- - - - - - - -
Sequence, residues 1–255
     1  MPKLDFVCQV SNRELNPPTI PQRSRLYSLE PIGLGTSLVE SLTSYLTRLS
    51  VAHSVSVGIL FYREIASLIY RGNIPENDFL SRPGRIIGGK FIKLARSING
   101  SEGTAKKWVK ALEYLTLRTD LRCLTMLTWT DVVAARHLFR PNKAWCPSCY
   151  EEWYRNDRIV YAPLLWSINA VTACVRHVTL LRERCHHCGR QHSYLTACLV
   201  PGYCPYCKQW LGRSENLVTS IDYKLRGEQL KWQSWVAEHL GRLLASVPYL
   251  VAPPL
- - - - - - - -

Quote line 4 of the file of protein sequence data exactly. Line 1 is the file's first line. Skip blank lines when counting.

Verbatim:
   101  SEGTAKKWVK ALEYLTLRTD LRCLTMLTWT DVVAARHLFR PNKAWCPSCY